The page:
‘Support from family, from wives, partners, children, I think that’s really good to egg men on to get the checks done’ (SM, public co-author).
WW thought that this message might also inspire female viewers to speak to their male relatives:
‘A wife could watch it and think of her husband having symptoms, or a daughter might think of her father, and they might now feel confident to say something’ (WW, patient co-author).
Prostate cancer affects younger black men too
Men who appeared in the video were of different ages to reflect the inclusion criteria of the PROFILE study (40 to 69 years). The inclusion of younger men in the video was designed to challenge a commonly held perception that prostate cancer or cancer in general is only a problem for an older age group. WW felt that their participation in the study role-modelled proactive health behaviour which was not common amongst his own contemporaries:
‘Here are men who have not yet been diagnosed, willing to be monitored, they’re willingly and joyfully adhering to it…..That’s a message that so far I’ve found difficult to pass on to my friends’ (WW, patient co-author).
SM’s participation in the project as a member of the planning group and a co-author had an influence on his own behaviour, so much so that he requested a PSA test as part of a routine health-check as a result; something he would otherwise not have thought to request.
No scientific language, statistics, or researchers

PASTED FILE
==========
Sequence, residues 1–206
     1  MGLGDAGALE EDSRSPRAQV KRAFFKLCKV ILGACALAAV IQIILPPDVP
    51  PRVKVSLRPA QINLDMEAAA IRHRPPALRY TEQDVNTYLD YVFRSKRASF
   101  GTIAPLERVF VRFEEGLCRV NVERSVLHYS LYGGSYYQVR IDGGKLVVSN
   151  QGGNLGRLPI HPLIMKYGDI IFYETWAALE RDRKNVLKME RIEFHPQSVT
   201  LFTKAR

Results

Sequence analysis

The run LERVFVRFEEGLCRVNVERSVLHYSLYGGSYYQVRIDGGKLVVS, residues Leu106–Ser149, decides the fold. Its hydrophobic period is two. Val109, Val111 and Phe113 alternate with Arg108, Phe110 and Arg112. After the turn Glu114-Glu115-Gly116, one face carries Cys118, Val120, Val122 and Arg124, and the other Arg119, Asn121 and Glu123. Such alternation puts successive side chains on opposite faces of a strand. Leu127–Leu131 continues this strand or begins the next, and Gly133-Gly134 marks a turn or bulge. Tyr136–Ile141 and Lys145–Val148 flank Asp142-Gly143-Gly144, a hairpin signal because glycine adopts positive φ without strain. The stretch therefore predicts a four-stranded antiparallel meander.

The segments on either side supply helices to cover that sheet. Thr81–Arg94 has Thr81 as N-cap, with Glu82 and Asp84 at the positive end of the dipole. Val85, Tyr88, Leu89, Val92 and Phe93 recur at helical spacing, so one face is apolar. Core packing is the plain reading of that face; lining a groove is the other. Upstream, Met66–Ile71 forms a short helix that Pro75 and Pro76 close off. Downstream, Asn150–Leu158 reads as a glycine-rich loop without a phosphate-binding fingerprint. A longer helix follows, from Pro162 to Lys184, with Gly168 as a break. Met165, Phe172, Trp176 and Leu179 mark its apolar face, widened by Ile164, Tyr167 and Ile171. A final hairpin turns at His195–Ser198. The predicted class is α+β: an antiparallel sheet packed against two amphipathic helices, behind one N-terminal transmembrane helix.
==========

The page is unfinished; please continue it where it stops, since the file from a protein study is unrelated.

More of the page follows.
The men unanimously agreed that we should avoid scientific language, statistics, death rates and tragedies as this would immediately cause people to switch off. They thought that researchers or the clinical team should not play a prominent role in the video and that since the messaging was aimed at healthy individuals, that the setting should be neutral and away from a clinical background. This was a surprise to the researchers and challenged their preconceived ideas about what the video might look like and stood in striking contrast to many of the cancer awareness and study promotion videos in circulation, which included just that sort of clinical setting and style of information.
The barber shop and its emotional resonance
On camera, men spoke with warmth and feeling about the importance of a barber shop in their lives. The location of the video had been unanimously agreed by the group as a setting which represented a social meeting place, where sensitive subjects could be discussed safely and freely, and where men got away from the pressures of everyday life and felt better about themselves. Talking about something as personal and sensitive as prostate cancer risk felt easier in this venue:
‘You are just free to talk…it allowed us to be so natural. We’re not doing a clinical interview; it’s just a barber shop’ (WW, patient co-author).
The video’s impact on recruitment into the PROFILE study